Plant Growth Promoting Characterization of Indigenous Azotobacteria Isolated from Soils in Iran.
Summary of "Plant Growth Promoting Characterization of Indigenous Azotobacteria Isolated from Soils in Iran."
It has been well known that the bacteria of the genus Azotobacter, in addition to the beneficial N(2)-fixing activity, are able to improve plant growth by a number of direct and indirect mechanisms. To identify this potential in indigenous azotobacteria, the efficiency of 17 isolates of Azotobacter from the rhizosphere of wheat and barley plants cultivated in salt- and/or drought-affected soils in Iran were evaluated for their ability to dissolve inorganic and organic phosphates, siderophore secretion, indole acetic acid (IAA) production; and protease, chitinase, and ACC deaminase (ACCD) activities. First, they were biochemically characterized and one isolate (strain) was identified by 16S rDNA sequencing. Eight isolates were designated as Azotobacter vinelandii and the remaining isolates were identified as A. chroococcum. All isolates hydrolyzed the organic and inorganic phosphate compounds and effectively produced IAA. Fifteen isolates produced siderophore, but only one isolate showed protease activity which is being reported for the first time in relation to Azotobacter. None of the 17 isolates was capable of producing ACCD or chitinase. However, polymerase chain reaction amplification of the ACCD coding genes, by the use of the gene-specific primers, indicated that not all contain the ACCD gene. The standard screening methods with slight modifications, especially in the case of ACCD assay, were applied. The results showed that the use of specific screening methods, modified according to bacterial nutritional requirements, are the efficient methods for precise evaluation of the plant growth promoting rhizobacteria activity.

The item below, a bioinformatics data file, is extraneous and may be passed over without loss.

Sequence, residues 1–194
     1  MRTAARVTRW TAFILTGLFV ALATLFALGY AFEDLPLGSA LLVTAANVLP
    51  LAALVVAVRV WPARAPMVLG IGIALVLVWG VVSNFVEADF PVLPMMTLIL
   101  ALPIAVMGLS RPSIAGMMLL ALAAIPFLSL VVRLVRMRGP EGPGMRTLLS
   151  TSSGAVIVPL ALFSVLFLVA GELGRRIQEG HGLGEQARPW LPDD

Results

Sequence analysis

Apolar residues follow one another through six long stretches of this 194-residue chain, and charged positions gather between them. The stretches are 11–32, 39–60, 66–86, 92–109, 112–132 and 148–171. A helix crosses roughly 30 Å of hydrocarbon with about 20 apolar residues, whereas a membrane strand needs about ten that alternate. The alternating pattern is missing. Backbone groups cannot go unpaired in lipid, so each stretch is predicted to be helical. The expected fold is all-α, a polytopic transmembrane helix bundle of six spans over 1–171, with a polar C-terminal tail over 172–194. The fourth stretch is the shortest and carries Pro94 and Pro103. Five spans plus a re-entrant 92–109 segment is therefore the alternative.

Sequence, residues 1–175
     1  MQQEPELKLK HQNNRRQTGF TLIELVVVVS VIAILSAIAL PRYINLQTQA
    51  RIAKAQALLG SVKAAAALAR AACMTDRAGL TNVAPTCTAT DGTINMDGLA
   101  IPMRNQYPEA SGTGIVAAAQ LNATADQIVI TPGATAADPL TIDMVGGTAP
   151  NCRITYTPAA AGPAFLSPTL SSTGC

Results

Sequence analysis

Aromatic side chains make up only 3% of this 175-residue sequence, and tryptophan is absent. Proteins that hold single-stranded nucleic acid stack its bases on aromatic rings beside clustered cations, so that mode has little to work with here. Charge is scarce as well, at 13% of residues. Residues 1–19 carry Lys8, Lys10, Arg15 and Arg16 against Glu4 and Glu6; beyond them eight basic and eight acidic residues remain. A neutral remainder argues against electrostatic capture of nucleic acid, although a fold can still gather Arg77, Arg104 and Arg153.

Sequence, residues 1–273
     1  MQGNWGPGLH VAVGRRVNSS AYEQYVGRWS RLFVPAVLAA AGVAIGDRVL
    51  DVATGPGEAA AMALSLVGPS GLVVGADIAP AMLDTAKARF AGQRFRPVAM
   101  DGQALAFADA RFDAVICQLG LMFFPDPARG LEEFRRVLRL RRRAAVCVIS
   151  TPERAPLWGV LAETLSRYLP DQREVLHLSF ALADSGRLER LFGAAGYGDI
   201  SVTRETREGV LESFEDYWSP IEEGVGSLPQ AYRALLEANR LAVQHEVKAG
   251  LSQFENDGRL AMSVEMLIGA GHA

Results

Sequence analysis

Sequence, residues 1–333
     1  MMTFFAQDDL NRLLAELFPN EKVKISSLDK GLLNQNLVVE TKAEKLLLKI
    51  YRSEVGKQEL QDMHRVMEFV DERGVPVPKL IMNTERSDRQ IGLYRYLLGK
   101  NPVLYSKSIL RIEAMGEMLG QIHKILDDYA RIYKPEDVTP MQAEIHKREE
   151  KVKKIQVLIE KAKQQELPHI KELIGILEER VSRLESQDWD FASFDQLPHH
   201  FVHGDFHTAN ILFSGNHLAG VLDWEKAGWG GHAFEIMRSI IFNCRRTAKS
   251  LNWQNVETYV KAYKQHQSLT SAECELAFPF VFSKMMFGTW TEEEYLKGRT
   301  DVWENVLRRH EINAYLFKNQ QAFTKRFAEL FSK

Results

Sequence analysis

Department of Cellular and Molecular Biology, Biological Science Faculty, Azarbaijan University of Tarbiat Moallem, Tabriz, Iran, firstname.lastname@example.org.
This article was published in the following journal.
Name: Current microbiology
- PubMed Source: http://www.ncbi.nlm.nih.gov/pubmed/22294493
- DOI: http://dx.doi.org/10.1007/s00284-012-0083-x
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Medical and Biotech [MESH] Definitions
Endogenous or exogenous substances which inhibit the normal growth of human and animal cells or micro-organisms, as distinguished from those affecting plant growth (= PLANT GROWTH REGULATORS).
A group of phenotypically similar but genotypically distinct species (genomovars) in the genus BURKHOLDERIA. They are found in water, soil, and the rhizosphere of crop plants. They can act as opportunistic human pathogens and as plant growth promoting and biocontrol agents.
Abscission-accelerating plant growth substance isolated from young cotton fruit, leaves of sycamore, birch, and other plants, and from potatoes, lemons, avocados, and other fruits.
A 6-kDa polypeptide growth factor initially discovered in mouse submaxillary glands. Human epidermal growth factor was originally isolated from urine based on its ability to inhibit gastric secretion and called urogastrone. EPIDERMAL GROWTH FACTOR exerts a wide variety of biological effects including the promotion of proliferation and differentiation of mesenchymal and epithelial cells.
A class of plant growth hormone isolated from cultures of Gibberella fujikuroi, a fungus causing Bakanae disease in rice. There are many different members of the family as well as mixtures of multiple members; all are diterpenoid acids based on the gibberellane skeleton.